Little Nellie finally gives up, a long way from home

She finally broke. After 15,800km, Little Nellie had had enough.

Sunday was supposed to have been a quick blast to Batu Kikir, via Kuala Klawang, Titi Kong, and Simpang Pertang in the district of Jelebu in Negri Sembilan. We opened up the throttles at 2pm and had planned to be home by 8.30pm.

The twisties of Kuala Klawang soon gave way to the gentle, meandering tarmac and dead-on straights of Simpang Pertang, through quaint hamlets and villages scattered across the verdant valley. Clumps of fresh cow manure dot the asphalt, the offenders trudging slowly by the side of the road, never revealing who had actually done the dastardly deed.

Further up the road, just after a long, sweeping bend, a group of children were tending to a flock of sheep, scurrying and darting along the road and across an open field. The cold mountain air cascaded over us, blanketing us in a cool, soothing embrace.

By 6pm, we were already configuring our bikes and ourselves for the ride home. The end point was dialled in and the route would take us from Kuala Pilah to Seremban, via Ulu Bendul. The idea was to get some stick time on the back roads, and then hit the North-South Highway for the final dash.

Once we hit the highway, the throttle was pulled back all the way to the stops. We were averaging highway speeds consistently throughout, flying fangs out, balls to the wall.

After about 20 minutes of chugging along without a blip, I suddenly lurched forward. Almost instinctively, I glanced at my gauge and noticed the needle edging downwards. I was losing speed. But my throttle was still all the way back past the stops. It made no sense. The needle crept downwards, from 109kph down past 100kph, to 90kph, when it suddenly came back alive.

Odd, I thought. That’s never happened before. Nellie was now purring again, so I filed it under ‘a glitch’, an anomaly, and didn’t think much of it.

Thirty minutes later, it happened again. This time, the engine warning light came on. Again, the needle crept downward. This time, power came back on at 80kph. I eased off on the throttle a bit, gave it the ‘one potato, two potato, three potato’ count, and firewalled it. Once the needle hit 90kph, I again lost all power. The engine warning light refused to go away.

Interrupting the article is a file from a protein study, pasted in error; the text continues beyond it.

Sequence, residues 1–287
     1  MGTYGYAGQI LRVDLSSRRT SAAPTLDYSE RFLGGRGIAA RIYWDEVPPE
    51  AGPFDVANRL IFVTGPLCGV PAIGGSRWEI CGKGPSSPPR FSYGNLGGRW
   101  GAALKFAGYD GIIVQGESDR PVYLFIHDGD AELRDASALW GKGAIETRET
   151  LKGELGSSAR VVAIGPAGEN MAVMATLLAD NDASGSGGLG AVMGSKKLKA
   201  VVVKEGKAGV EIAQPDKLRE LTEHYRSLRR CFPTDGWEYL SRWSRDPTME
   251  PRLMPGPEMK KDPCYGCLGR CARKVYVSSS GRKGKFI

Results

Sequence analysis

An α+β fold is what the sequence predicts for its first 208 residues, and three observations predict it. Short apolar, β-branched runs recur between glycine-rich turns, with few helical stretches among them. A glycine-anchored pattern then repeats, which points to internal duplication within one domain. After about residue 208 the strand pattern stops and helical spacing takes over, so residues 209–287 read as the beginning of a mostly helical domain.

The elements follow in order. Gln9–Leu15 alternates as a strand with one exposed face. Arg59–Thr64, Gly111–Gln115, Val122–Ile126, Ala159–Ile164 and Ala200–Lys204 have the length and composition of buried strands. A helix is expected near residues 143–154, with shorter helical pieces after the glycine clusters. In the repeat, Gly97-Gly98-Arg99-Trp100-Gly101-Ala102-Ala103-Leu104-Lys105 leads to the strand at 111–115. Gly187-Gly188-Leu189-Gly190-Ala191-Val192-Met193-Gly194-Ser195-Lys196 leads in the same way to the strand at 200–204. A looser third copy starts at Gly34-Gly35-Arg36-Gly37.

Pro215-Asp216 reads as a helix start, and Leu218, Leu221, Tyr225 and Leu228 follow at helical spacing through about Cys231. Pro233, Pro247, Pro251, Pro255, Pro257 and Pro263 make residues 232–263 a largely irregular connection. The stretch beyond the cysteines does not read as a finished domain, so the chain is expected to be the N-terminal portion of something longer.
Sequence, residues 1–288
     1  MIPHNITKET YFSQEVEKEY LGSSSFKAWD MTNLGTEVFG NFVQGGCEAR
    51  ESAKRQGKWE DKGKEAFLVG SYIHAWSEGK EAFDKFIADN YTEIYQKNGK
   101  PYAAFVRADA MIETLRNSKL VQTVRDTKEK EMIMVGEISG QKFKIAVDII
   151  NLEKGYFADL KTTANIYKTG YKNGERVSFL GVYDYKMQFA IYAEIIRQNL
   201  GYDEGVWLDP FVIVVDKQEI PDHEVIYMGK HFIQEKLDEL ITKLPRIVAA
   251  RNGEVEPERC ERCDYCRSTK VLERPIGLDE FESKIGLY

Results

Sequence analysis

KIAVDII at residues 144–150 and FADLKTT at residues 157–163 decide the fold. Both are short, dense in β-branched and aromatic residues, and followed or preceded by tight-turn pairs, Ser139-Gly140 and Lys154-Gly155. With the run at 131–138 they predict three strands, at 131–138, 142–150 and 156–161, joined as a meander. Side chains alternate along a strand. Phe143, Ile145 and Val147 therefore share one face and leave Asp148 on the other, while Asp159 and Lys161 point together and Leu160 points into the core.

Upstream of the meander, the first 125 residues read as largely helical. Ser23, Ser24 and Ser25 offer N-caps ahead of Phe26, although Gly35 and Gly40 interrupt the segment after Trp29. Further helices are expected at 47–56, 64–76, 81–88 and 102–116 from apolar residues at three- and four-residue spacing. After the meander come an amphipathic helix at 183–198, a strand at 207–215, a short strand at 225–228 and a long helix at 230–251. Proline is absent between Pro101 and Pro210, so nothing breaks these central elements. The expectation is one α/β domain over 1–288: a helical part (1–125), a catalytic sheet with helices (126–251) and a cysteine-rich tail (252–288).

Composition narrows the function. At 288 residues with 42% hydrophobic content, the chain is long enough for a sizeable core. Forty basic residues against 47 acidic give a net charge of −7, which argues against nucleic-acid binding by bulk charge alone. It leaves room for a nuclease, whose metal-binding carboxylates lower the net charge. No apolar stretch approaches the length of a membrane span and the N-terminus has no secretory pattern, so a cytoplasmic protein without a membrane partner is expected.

I had more than 50km to go to reach home, but by now, I was well and truly worried. I had lost ‘tally’ of my ride buddy Ahmad Razlan Alias, and wasn’t sure of what to do. My initial thought was to pull over and give Nellie the once-over. With the exception of her steadfast refusal to go beyond 80kph, the engine was running fine. There was no shake, shimmy, or bumps. There was no ‘bang’ associated with the sudden loss of power. No weird engine noises, no sickening grinding of metal-on-metal. I was not on fire, and a check of my rear view mirror showed no smoke pouring out of my rear end.

In the ensuing chaos of the exploding oxygen tank aboard the Apollo 13 flight to the moon in 1971, Nasa flight director Gene Kranz asked his flight controllers “What do we have on the spacecraft that’s good?”

Well… I still had a working engine. Nellie’s four stroke, single cylinder, SOHC, 3 valve powerplant wasn’t in great shape obviously, but it hadn’t given up on me. Yet.

I finally reached Razlan, who was waiting for me near a layby. By this time, I could only do 60kph. The minute I pegged 70kph on the clock, it would cut off and go back down again. I gave him a quick rundown of the situation and he took position off to my right, riding shotgun, as we crawled back to Kuala Lumpur.

Hairiest moments was when I had to cross with merging traffic on the Sepang highway. It had started to drizzle, visibility was still okay, but the road had become slick and slippery with rain and oil. I was definitely in a snakepit, and things were stacking up.

I managed to limp home and immediately made arrangements to send Little Nellie to ‘The Barn’ to solve the problem. I had prepared myself mentally for the possibility of a costly engine rebuild. When Alex the Vespa Wonderboy peeked into the engine bay, he immediately diagnosed the problem. A piece of plastic the size of a thumbnail that costs RM20 on the parts list had failed. He simply crimped the wires together and said, “Okeh… sulah siap”.

I’m already planning the next ride to give Little Nellie a proper shakedown…

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